Yeah, it’s the bear’s. Just kidding. Leo shrieks and grunts and crawls out of his open grave. His facial hair is crusted with all kinds of viscera. He fogs the camera (just like the bear, actually) with what you are meant to fear is his final, shuddering breath. He tries to drink some water, which gloops right out of a giant wound in his neck, so he builds a fire, makes a li’l torch, and cauterizes himself. He finds many ways to enjoy his items. He starts walking again, because the movie realizes that there ain’t much of a movie if he can’t. He catches a fish with his bare hands and immediately bites it in half (just like a bear, actually). It’s an hour and a half before you see him puke, and I’d have definitely bet the under.
This brings us to your other question.
The Other Thing
The whole ballgame here is if The Revenant is beautiful and harrowing and compelling and manly enough to distract you from its sole reason for being, which is to win Leonard DiCaprio a goddamn Academy Award already. Iñárritu comes in handy here, his long takes lyrical and gorgeous and foreboding, whether you’re watching an avalanche unfold or wolves take down a bison or a torch-bearing search party glide through a forest. It’s all the prettier for how brutal it all is.
Not that the whole “grizzled men bonding over raw meat” thing doesn’t get a little silly. The Native American aspect, likewise, gets to feeling like that one Nelson video—Leo has an Indian wife, who, along with their son, functions largely as a walking dream sequence, bearing cigar-box wisdom on the order of “The wind cannot defeat a tree with strong roots.” But you do get a nice meet-semi-cute where Leo picks up a hunting buddy who amuses himself by trying to catch snowflakes on his tongue, resulting in probably the only intentionally funny moment in the movie, which is somehow reminiscent of this. But overall Iñárritu succeeds, at the very least, in preventing this whole rodeo from de-evolving into an Entourage-type ploy. The climax takes forever to arrive and is pretty unimaginative as revenge flicks go, but exhausting is way better than exasperating.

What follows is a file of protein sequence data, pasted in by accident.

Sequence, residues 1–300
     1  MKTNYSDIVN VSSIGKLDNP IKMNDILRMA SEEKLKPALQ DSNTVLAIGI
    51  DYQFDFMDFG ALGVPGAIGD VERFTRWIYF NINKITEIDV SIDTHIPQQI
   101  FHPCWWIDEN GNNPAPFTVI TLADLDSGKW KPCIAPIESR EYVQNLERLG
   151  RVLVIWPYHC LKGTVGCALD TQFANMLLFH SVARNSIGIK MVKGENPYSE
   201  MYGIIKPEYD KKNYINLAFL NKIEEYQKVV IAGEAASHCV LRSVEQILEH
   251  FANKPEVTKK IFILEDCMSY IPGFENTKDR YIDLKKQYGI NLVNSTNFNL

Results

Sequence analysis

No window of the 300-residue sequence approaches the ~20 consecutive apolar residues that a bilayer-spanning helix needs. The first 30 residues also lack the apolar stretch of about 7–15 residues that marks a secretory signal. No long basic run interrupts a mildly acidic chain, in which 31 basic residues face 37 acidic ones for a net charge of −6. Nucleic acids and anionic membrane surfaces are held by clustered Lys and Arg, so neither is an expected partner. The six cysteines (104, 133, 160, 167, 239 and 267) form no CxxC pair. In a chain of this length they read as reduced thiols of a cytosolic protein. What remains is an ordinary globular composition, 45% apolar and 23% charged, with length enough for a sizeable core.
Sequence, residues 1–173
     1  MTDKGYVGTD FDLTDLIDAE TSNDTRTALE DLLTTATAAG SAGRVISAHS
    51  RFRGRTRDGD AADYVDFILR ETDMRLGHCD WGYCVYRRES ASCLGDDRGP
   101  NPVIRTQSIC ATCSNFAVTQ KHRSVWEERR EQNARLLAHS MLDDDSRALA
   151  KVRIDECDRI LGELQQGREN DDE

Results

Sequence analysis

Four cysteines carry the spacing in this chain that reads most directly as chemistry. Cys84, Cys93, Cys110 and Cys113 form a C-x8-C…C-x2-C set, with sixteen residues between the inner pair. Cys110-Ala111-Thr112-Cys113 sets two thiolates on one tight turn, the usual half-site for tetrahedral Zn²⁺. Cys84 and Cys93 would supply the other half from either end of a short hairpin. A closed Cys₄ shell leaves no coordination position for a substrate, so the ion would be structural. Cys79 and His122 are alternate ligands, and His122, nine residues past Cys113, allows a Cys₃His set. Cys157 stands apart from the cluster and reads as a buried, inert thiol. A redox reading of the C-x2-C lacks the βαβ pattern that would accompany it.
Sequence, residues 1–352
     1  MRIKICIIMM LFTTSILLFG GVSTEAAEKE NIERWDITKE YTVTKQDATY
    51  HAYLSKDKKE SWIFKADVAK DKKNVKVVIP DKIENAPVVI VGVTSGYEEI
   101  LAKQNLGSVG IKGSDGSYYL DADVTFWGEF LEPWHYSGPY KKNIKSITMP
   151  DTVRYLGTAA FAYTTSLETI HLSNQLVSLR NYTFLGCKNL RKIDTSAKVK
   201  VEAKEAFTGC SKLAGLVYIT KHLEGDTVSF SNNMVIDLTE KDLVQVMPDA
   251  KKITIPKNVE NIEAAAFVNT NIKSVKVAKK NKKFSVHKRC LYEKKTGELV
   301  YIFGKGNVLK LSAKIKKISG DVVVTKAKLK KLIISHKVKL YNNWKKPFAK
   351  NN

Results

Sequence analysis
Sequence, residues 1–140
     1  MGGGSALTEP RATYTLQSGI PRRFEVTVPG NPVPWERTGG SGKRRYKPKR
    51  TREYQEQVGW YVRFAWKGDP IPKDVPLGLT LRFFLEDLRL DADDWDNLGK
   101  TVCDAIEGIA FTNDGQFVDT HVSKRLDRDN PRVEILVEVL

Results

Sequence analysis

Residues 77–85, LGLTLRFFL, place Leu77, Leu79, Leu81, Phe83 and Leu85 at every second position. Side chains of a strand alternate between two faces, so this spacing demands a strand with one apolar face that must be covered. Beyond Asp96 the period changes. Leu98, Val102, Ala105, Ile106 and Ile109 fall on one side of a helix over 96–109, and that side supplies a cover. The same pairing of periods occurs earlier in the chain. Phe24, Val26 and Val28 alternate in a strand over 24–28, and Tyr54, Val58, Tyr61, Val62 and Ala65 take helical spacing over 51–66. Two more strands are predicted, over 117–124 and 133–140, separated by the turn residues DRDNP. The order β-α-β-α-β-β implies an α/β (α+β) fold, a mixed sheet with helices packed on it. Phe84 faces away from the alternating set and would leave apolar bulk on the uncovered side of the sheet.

So my honest answer to the question “Will Leo win the goddamn Oscar for this” is “probably.” My honest answer to the question “How pissed were the people who worked on this movie when they realized ‘bear rape’ is all they’ll be talking about for the next month” is “extremely.” My honest answer to the question “how manly is this movie exactly” is “[a bear crashes through the wall of your office and gives you a wedgie].” The question “is this movie for pussies” was answered just yesterday, by one Peter Travers, in the negative. Another unwelcome distraction. There’s a lot of colossally stupid media chatter to tune out when it comes to watching The Revenant, but The Revenant will beat it out of you if it takes all day, and it will, and so it does.